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Environmental fate & pathways

Biodegradation in water and sediment: simulation tests

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Description of key information

For derivation of the Half-life of the registration substance in freshwater the 'ready biodegradability' result from an OECD 301D Closed Bottle Test was used. According to the REACH Endpoint specific guidance R.7b a half-life of 15d for a readily biodegradable substance was assigned. The half-life in freshwater sediment was read across from a results of aerobic soil degradation study (OECD 307) with Oleyl amine 2EO  (see read-across justification below).

Key value for chemical safety assessment

Half-life in freshwater:
15 d
at the temperature of:
12 °C
Half-life in freshwater sediment:
17 d
at the temperature of:
12 °C

Additional information

READ ACROSS JUSTIFICATION

OECD 303A

For the registration substance no Sewage Treatment Simulation Test OECD 303A is available and therefore the result from a similar substance is used instead. Read across substance: Bis(2-hydroxyethyl) oleyl amine (BOA), CAS No. 25307 -17 -9, EC No. 246 -807 -3, REACH Reg.No. 01 -2119510876 -0135 -0000 Read across justification: The registration substance Bis(2-hydroxyethyl) C12-18 alkylamine N-oxide (BANO) is similar to the read across substance BOA as it has the same bis(2-hydroxylethyl) group and has a long chain alkyl amine moiety. BANO has an amine oxide function whereas BOA is an amine. It is known that alkylamine N-oxides can be easily reduced to the alkyl amines (and vice versa) and therefore the inherent properties of each other can be used for read across (Reference; Crabbe et al, Microbial oxidation of amines, Bioachem. J. 1974, 140, 253-263; Barrett & Kwan, Bacterial reduction of trimethylamine oxide, Ann. Rev. Microbiol., 1985, 39, 131-149). BANO and BAO differ in the chain length as BANO is mostly C12/14 whereas BAO is mostly C18 which influences ecotoxicity meaning that BAO is more toxic. Both substances are cationic surfactant which means that the sorption properties are mainly determined by ionic interactions and to a lesser extent by unspecific van der Waal forces. Therefore the sorption properties of BANO can be deduced from the Kd values of BAO reasonably. In a Sewage treatment plant simulation test with cationic surfactants the biodegradation and the sorption properties are most relevant to estimate the mass balance of a substance in a Sewage treatment plant. BANO and BOA are readily biodegradable and have similar sorption properties. Based on the facts given before, it can be reasonably assumed that the results from an OECD 303A STP Simulation test of BOA can be used for BONA as well.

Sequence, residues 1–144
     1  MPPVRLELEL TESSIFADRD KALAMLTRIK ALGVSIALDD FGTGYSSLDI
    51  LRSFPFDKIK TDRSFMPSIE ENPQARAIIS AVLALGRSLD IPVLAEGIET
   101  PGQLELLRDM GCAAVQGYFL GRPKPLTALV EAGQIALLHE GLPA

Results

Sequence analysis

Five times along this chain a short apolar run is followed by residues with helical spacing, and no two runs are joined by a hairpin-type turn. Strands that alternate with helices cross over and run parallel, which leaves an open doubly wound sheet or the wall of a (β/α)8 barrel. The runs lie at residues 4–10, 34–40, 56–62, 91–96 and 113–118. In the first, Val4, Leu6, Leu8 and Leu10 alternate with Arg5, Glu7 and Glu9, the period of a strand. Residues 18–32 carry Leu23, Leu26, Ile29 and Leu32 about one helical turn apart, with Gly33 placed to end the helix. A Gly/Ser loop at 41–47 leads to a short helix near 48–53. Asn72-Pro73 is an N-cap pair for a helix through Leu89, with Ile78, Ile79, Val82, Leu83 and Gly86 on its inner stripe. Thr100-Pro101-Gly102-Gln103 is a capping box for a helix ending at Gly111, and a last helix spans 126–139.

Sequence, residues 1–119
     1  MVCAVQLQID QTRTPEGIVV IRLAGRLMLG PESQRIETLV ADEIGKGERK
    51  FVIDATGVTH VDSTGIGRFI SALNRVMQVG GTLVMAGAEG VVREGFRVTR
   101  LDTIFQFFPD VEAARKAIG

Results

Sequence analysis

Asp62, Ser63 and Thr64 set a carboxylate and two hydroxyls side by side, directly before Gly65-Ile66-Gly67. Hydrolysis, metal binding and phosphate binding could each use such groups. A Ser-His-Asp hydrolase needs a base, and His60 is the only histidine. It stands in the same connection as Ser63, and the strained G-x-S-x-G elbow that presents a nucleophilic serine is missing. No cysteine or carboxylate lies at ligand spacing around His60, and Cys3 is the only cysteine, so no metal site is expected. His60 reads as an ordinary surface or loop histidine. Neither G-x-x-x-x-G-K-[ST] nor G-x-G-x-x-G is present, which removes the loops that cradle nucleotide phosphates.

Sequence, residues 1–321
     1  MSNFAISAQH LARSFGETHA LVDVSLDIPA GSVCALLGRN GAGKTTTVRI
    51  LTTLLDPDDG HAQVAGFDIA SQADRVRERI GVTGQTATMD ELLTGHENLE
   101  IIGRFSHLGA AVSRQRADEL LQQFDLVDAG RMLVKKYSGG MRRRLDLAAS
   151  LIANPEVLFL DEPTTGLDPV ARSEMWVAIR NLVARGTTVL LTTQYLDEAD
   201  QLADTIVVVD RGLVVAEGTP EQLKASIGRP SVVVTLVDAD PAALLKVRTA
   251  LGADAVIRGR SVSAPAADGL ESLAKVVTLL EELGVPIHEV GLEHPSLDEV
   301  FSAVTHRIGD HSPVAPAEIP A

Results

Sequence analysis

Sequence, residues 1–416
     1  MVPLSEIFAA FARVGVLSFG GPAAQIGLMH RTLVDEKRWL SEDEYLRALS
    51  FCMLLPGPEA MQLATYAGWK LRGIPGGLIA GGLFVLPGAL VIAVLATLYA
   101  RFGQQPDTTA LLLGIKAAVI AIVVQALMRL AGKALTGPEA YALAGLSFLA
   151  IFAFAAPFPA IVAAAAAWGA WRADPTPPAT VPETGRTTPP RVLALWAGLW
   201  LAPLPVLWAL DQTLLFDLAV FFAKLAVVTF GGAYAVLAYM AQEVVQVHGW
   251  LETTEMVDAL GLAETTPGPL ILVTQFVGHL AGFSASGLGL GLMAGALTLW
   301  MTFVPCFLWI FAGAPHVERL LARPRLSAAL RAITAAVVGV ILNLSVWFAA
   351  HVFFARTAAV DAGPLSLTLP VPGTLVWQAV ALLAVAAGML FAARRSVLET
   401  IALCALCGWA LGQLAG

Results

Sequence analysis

OECD 307 (Estimate sediment biodegradation from soil biodegradation, see REACH Guidance 7b)

Read across substance:

Hexadecanamine (HDA), CAS No. 143-27-1, is a component of C16-18-(even numbered)-alkylamines with the REACH Reg.No. 01 -2119473799 -015 -0000

Read across justification:

The registration substance Bis(2-hydroxyethyl) C12-18 alkylamine N-oxide (BANO) is similar to the read across substance HDA as both have a long chain alkyl amine moiety. BANO has an amine oxide function whereas HDA is an amine. It is known that alkylamine N-oxides can be easily reduced to the alkyl amines (and vice versa) and therefore the inherent properties of each other can be used for read across (Reference; Crabbe et al, Microbial oxidation of amines, Bioachem. J. 1974, 140, 253-263; Barrett & Kwan, Bacterial reduction of trimethylamine oxide, Ann. Rev. Microbiol., 1985, 39, 131-149). BANO and HDA differ in the chain length as BANO is mostly C12/14 whereas BAO is C16 Both substances are cationic surfactant which means that the sorption properties are mainly determined by ionic interactions and to a lesser extent by unspecific van der Waal forces. Therefore the sorption properties of BANO can be deduced from the Kd values of HDA or homologues e.g. Octadecylamine reasonably. According to the REACH Guidance Document R.7b the half-life of a substance in aerobic soil can be deduced from the biodegradation in a screening test on ready biodegradability and the sorption properties. BONA and HDA are both readily biodegradable and as they have similar sorption properties the result from an OECD 307 Aerobic soil transformation test of HDA can be used reasonably for read across to BONA.